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Building to Resist the Elements | New from HomeDesign.com

Building to Resist the Elements

June 2, 2008

Building to Resist the Elements(NewsUSA) - Tornado season in March. Hurricane season in June. High temperatures can cause wildfires and flash floods throughout the summer. For many American homeowners, summer can be no time to relax.

As more Americans move into high-risk areas, builders must design structures to withstand nature’s “wrath.”

Extreme weather patterns prove nothing new. They can’t be prevented -; even wildfires can start without a cigarette or a poorly put-out campfire igniting dry underbrush.

Builders can elevate buildings in flood plains and add cellars to homes in tornado-prone areas, giving residents a safe place to avoid storms. Roofs can be anchored to buildings’ foundations, preventing high winds from removing rooftops during storms.

Builders can also choose durable building materials. In many areas, concrete masonry serves as an ideal building material.

In areas susceptible to hurricanes, concrete

masonry buildings withstand the tremendous winds, pounding water and flying debris. Some builders add water repellent to concrete during its construction, aiding the building’s defenses against high-pressure water.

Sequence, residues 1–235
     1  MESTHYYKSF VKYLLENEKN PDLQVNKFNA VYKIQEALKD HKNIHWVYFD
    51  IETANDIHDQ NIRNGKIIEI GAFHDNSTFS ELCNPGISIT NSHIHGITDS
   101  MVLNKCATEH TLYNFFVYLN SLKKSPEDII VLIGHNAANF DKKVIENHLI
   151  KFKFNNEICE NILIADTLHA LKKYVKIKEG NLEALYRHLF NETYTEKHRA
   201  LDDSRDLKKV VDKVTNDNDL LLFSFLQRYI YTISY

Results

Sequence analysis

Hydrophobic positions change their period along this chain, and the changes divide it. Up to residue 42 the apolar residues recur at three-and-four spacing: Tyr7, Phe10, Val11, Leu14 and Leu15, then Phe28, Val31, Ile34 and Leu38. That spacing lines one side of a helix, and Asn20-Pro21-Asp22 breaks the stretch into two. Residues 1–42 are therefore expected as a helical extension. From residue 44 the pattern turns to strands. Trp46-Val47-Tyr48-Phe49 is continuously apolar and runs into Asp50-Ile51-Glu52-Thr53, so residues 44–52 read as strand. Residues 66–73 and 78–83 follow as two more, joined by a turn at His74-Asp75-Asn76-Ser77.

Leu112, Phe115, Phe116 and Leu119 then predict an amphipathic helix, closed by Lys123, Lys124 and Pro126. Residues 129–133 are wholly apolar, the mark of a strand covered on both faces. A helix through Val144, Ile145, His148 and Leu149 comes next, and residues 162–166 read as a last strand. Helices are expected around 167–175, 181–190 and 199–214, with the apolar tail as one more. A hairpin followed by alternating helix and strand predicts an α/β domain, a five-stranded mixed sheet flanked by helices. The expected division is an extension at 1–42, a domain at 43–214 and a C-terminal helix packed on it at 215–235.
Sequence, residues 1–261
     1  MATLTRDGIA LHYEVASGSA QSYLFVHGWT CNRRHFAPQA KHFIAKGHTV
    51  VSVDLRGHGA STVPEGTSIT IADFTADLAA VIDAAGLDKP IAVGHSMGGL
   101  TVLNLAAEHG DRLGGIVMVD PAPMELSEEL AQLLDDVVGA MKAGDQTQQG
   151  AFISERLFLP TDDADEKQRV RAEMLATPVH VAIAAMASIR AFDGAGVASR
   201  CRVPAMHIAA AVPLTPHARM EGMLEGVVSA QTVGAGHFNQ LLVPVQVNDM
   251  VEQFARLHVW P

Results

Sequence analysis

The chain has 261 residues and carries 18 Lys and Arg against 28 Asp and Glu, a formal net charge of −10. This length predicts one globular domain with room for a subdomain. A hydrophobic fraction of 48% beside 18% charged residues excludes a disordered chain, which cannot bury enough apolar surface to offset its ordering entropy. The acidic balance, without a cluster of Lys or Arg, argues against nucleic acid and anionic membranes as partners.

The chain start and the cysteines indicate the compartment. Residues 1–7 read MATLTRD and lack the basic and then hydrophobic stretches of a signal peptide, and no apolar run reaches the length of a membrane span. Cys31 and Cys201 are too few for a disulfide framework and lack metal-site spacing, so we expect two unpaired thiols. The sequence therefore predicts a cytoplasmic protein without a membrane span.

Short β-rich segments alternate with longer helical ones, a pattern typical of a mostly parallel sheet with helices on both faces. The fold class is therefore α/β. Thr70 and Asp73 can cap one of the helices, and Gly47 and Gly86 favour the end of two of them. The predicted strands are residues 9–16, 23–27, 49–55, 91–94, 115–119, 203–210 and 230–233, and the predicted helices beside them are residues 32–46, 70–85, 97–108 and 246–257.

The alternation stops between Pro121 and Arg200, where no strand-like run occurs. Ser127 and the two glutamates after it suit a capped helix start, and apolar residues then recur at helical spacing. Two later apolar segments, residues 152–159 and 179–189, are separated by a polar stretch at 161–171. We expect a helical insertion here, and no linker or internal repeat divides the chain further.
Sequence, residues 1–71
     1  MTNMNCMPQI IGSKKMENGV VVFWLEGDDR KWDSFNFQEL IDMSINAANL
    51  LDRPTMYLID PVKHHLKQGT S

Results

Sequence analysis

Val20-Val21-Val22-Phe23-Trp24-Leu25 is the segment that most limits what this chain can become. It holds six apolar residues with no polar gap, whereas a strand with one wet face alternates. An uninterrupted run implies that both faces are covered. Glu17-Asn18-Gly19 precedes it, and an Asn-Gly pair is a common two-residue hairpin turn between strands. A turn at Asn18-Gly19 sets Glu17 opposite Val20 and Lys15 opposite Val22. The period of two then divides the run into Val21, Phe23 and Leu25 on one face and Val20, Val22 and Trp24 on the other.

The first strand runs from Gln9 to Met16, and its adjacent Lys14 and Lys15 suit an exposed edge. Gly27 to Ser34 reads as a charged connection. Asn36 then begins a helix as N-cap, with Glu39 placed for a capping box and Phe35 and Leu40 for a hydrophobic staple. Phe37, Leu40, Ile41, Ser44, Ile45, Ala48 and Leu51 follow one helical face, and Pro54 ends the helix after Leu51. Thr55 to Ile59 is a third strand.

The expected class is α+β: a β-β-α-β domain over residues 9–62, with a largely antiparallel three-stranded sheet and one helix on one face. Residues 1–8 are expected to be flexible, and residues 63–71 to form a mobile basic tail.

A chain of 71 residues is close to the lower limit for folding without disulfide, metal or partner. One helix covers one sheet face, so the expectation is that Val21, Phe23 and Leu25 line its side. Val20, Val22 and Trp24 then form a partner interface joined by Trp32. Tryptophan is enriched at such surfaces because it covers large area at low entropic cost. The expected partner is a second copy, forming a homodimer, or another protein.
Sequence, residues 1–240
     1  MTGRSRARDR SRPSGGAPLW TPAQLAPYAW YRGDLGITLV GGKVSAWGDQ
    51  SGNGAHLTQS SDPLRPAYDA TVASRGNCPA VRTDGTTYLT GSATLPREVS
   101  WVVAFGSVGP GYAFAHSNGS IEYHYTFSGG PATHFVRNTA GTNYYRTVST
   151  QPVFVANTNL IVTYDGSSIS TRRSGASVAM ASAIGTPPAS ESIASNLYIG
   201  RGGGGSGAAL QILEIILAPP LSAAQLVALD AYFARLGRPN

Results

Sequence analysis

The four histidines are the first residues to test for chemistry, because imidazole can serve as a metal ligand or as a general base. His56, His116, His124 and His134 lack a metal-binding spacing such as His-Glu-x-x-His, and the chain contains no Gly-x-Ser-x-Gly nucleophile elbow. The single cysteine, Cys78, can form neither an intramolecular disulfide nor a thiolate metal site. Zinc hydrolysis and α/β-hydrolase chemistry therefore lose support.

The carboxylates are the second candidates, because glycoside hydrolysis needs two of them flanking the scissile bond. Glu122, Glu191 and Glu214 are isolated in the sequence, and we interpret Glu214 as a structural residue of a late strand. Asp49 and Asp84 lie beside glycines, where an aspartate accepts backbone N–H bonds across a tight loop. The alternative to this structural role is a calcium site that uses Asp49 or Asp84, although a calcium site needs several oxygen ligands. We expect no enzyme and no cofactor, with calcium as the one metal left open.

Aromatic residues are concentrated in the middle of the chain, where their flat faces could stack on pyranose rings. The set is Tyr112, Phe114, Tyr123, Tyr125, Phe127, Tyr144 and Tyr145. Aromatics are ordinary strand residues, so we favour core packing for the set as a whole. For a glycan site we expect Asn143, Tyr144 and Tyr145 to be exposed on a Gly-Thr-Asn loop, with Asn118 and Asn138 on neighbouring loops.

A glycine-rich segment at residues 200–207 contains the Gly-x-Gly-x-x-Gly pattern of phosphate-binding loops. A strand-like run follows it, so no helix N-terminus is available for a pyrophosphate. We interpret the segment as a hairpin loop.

Concrete masonry also resists mold growth and insect infestation, problems that weaken wooden structures.

Reinforced concrete masonry walls help muffle sound and prove steady during high winds, keeping homeowners safe during tornadoes. Concrete basements provide durability in tornadoes and earthquakes.

Concrete masonry also repels fire. When the Los Angeles Fire Department needed to create a training building for its recruits, it designed a seven-story concrete high-rise. The building’s concrete masonry holds up against frequent and prolonged fires.

A natural disaster, like a hurricane, tornado or landfire, can devastate homeowners stuck in its path. By using concrete masonry, builders can help guarantee a home’s longevity.

For more information about concrete masonry, visit www.ncma.org.

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